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Share of Agri Sector in Employment Witnesses Steady Growth, Says CMIE

Agriculture's percentage of total employment has risen from 35.3 percent in 2017-18 to 36.1 percent in 2018-19, and then to 38 percent in 2019-20, according to CMIE statistics from the consumer pyramid household survey.

Shivam Dwivedi
Picture of Crop Field
Picture of Crop Field

Government efforts to boost manufacturing through production-linked incentives or liquidity support to medium and small-scale enterprises have failed to stem the decline of manufacturing in India, according to the Centre for Monitoring Indian Economy (CMIE), as agriculture's share of total employment continues to rise.

Agriculture's percentage of total employment has risen from 35.3 percent in 2017-18 to 36.1 percent in 2018-19, and then to 38 percent in 2019-20, according to CMIE statistics from the consumer pyramid household survey.

Worse yet, according to CPHS data, reverse migration to agriculture will continue in 2020-21. "Agriculture's share of total employment increased to 39.4 percent in the year from 38 percent in 2019-20, while manufacturing's share fell drastically from 9.4 percent to 7.3 percent," it added, adding that construction employment has rebounded. Its proportion of total employment increased to 15.9% in 2020-21, up from 15.4% in 2018-19 and 13.5 percent in 2019-20.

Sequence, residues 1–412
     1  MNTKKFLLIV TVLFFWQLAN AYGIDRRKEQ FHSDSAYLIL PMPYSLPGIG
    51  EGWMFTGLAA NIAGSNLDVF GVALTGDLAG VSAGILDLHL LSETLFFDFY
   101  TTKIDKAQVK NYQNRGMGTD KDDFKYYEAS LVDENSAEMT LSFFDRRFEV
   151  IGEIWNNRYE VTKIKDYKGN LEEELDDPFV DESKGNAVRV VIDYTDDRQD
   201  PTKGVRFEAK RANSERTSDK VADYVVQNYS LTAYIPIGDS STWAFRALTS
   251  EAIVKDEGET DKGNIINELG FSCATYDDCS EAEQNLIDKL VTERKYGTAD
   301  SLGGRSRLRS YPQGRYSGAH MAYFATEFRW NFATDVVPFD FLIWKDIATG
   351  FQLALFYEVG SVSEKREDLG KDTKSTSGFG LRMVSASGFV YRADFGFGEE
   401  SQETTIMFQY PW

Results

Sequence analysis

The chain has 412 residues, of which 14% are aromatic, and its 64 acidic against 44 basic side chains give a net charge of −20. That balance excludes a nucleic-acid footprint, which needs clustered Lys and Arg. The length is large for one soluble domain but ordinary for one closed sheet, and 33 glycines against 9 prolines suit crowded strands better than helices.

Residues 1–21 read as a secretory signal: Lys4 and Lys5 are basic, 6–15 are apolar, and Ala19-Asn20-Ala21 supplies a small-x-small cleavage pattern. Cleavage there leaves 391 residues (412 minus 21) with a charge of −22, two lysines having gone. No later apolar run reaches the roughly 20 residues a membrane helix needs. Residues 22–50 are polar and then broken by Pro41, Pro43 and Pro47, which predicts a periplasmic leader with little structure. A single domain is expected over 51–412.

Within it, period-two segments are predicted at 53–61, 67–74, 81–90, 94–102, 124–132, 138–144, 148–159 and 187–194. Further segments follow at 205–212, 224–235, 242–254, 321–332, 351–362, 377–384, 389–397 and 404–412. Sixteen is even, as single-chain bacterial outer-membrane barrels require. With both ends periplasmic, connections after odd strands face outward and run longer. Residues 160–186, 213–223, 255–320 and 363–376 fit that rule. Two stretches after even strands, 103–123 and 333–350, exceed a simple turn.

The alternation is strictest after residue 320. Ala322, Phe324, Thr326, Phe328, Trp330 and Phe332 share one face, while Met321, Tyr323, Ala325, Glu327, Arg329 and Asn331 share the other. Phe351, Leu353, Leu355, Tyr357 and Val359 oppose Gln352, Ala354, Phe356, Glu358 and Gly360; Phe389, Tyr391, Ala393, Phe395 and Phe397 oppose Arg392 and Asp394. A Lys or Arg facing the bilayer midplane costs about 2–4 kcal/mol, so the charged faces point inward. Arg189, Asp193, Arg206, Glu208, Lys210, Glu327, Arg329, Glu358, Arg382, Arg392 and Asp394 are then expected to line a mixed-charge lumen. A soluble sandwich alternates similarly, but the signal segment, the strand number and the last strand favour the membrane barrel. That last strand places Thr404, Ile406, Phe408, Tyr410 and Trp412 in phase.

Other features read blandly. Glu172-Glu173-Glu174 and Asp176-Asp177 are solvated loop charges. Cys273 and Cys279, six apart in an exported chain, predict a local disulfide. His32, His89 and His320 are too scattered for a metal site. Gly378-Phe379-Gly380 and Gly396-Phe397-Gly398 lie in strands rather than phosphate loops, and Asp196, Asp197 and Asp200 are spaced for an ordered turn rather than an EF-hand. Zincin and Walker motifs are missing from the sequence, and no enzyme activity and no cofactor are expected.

While the trend based on CPHS is in line with the government's Periodic Labour Force Survey (PLFS), the movement toward agriculture in the previous three years is more in line with PLFS, according to CMIE.

Agriculture employment increased sharply from 42.5 percent of overall employment in 2018-19 to 45.6 percent in 2019-20, according to the latest PLFS report.

"While PLFS recorded a 3.1 percent rise in agricultural labour, CPHS estimates a far lesser increase of 1.9 percent," it stated.

"A big shift in labour favouring agriculture cannot be voluntary." It's an indication of labour market hardship when non-agricultural industries can't fill jobs and workers are compelled to migrate to agriculture," it stated in its weekly labour market review.

The shift to agriculture is occurring despite the fact that the sector has the lowest wage rates, according to CMIE. "Labour would not deliberately transfer to this lowest wage-rate sector unless it had no better option," he said, citing PLFS statistics that shows earnings for paid jobs are Rs 558 per day, for self-employed, it is Rs 349 per day, and for casual labour employed in agricultural, it is Rs 291 per day.

According to CMIE, agriculture absorbed a major portion of jobs from the comparatively unorganized construction and manufacturing sectors. Nearly 60% of manufacturing jobs are considered to be in the unorganized sector, and in times of hardship, workers from this sector have shifted to agriculture.

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